Yes, this little Frenchie is basically one of the cutest things on the entire planet, and when you see one you might melt into a puddle from the adorableness. What you may not think about at first glance when seeing some of our favorite and cutest breeds is that they're likely a result of breeding. And while breeding isn't inherently wrong, sometimes humans tend to go overboard, which can result in harm to animals. One of the most recent examples of this highly frowned on behavior? Horses.
This is a healthy Arabian horse. A purebred Arabian horse is a striking animal, and very often used for show because of their beautiful build. A typical Arabian is known for their long and arched necks, well-proportioned faces and and high tail carriage. They've been called "the king of horses" because of their beauty and proud nature.
Would you believe that the animal pictures here is the same type of horse pictured above? This little one is nine-months old, a show horse named El Rey Magnum. He's the result of extreme breeding, and people are not happy about it.
Let's just pause a moment to figure out what El Rey reminds us of. Is that Buck from Home On The Range? This little Arabian show horse definitely does look closer to a horse we'd see in a Disney movie than any other horse that we've ever seen. And although he's cute, that's not always a good thing.
The owners and the breeders have been under fire, because according to the shape and size of the horse's nose, it appears that he would have breathing problems. UK equine expert Tim Greet of Rossdales Veterinary Service weighed in on the issues. “Dogs like man can mouth breathe, but horses can only breathe through their nose,” he toldVeterinary Record magazine. “I suspect exercise would definitely be limited for this horse.”
Regency Cove Farms explained that their horse was a step toward perfection. The flattened nose and more concave face are what people whose horses participate in shows would be looking for. However, vets think that the cost for the poor animals is much too great to be participating in such breeding practices.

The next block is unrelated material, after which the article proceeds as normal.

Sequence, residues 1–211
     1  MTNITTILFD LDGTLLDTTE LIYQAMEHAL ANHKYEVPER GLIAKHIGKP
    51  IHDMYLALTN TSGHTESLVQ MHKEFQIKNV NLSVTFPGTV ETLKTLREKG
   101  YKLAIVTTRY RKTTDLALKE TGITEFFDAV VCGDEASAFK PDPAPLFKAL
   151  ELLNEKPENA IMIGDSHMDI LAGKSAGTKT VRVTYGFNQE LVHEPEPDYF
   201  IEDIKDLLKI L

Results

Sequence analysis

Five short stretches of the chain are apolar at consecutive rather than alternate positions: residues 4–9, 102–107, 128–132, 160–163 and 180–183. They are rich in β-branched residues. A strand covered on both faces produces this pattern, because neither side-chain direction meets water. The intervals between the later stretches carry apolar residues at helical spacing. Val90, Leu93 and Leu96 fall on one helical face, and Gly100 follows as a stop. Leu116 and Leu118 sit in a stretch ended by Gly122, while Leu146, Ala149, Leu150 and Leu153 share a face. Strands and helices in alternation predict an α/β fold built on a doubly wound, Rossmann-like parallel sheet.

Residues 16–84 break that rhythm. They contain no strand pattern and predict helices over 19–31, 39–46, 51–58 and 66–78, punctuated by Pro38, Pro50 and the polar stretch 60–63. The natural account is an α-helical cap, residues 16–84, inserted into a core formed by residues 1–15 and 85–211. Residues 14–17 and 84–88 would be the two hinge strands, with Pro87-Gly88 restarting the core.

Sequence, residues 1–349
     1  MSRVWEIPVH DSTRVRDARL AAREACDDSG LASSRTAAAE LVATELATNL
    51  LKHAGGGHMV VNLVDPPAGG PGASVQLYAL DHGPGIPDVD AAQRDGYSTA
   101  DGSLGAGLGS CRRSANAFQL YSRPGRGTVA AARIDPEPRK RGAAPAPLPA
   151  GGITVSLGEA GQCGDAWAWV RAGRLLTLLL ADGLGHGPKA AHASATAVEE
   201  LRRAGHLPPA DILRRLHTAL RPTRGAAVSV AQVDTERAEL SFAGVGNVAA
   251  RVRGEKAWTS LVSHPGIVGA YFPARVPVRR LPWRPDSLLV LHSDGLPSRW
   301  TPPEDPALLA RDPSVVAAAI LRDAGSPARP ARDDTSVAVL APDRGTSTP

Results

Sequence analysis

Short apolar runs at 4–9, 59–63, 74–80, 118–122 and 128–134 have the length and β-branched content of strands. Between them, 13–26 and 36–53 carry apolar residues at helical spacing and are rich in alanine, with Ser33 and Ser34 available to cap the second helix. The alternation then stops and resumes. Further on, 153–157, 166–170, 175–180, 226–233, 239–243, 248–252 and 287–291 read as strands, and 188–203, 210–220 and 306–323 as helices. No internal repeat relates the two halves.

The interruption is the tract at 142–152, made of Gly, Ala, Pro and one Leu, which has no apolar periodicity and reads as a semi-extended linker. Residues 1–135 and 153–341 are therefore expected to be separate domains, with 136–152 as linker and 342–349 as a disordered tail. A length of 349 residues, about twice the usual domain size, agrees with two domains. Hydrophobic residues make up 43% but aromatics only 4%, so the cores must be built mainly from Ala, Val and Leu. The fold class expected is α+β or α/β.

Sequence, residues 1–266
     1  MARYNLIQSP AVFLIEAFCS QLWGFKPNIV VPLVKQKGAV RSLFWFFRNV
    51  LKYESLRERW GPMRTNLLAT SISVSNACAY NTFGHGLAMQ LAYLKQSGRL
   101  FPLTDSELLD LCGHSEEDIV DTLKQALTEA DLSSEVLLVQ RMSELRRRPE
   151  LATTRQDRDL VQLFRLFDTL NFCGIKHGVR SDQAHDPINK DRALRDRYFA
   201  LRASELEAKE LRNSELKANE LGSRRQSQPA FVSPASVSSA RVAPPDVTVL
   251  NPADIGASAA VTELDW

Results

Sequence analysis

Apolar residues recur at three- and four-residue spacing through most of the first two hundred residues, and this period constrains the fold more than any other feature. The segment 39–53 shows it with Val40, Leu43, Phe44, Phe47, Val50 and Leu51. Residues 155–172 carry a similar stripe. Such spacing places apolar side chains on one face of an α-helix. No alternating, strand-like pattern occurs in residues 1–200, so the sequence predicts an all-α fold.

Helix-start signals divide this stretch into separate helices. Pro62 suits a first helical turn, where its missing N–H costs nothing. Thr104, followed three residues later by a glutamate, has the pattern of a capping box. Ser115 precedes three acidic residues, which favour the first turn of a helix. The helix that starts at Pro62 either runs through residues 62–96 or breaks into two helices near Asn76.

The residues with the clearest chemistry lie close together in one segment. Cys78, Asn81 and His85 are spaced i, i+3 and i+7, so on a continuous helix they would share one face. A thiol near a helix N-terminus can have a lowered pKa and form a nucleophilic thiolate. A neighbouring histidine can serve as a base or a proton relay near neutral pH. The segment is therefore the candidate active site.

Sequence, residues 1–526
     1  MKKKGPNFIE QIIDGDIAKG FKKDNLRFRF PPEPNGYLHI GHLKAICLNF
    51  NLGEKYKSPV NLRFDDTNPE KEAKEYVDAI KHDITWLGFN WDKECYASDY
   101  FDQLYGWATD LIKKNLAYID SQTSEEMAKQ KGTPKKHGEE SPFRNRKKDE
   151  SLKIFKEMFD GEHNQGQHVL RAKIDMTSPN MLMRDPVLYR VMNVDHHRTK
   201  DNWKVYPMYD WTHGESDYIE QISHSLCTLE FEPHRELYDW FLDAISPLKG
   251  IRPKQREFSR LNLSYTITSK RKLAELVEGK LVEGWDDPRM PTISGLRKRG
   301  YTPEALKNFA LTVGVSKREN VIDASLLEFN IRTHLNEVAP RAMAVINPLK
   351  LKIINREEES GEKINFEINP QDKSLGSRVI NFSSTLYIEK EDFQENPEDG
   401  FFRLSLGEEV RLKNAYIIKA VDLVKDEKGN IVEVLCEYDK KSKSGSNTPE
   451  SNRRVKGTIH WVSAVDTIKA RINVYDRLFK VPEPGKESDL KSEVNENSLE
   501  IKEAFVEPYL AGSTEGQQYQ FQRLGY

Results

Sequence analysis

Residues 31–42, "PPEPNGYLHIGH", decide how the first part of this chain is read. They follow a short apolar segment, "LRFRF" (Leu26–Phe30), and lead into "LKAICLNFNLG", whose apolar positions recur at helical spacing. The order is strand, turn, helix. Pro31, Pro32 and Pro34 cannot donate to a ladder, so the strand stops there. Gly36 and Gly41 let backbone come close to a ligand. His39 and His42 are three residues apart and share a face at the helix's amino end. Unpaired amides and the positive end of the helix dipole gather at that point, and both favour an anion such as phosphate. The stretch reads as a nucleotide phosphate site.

Adele Waters, editor for Veterinary Record, was in disbelief at the photos of the young horse. "My first thoughts were ‘is this the work of CGI trickery?" she said. It wouldn't be too far of a stretch to believe that this young animal was actually Photoshopped, considering his unusual appearance.
"Many specialist horse vets have had a similar reaction. But the truth is this is a real horse and it has been bred to meet the demands of a particular market that likes a particular appearance," continued Waters. People out there wanted a horse that looked like El Rey Magnum, and that's what they got.
El Rey is not the only horse to have been bred in specific ways to meet the demands of people who want their horses to have particular appearances. Of El Rey Magnum, Doug Leadley from Orrion Farms says that the horse has no issues. "We think he is the most beautiful Arabian in the world – we think he is a king."
Others obviously disagree with his claims about the animal. "Where will it end? Is it really so bad for a horse to look like a horse and not a cartoon character?" asked Waters. No, we don't think it's so bad for a horse to look like a horse. Horses are some of the most beautiful animals on the planet, breeding or no breeding.
Many experts gave their opinion on this example of extreme breeding. Dr. Madeleine Campbell is an equine reproduction specialist, and also an expert in animal welfare. On top of that, she's the director of the Equine Ethics Consultancy. So she's probably got a fairly good handle on all things horses.
"Whilst it is obviously impossible to comment on an individual animal based only on photographic evidence, as a general principle any trend towards breeding for extremes of form which might adversely affect normal function must be condemned, on welfare grounds," said Campbell on the subject. She's definitely not in favor of the extreme breeding practices that created El Rey Magnum.
Campbell continued talking about the issues that El Rey might potentially face as a result of his specific breeding:
"This would apply equally to head shape which might compromise the ability to breathe or eat normally or, for example, to extremes of animal size which might compromise the ability to give birth normally."
Still, there are some people who see no problem with producing horses bred to look how humans want them to look. Where do you fall on the issue? Do you think cartoon character horses are too extreme? Perhaps you'll look at your pug a little differently after hearing about the dangers of extreme breeding.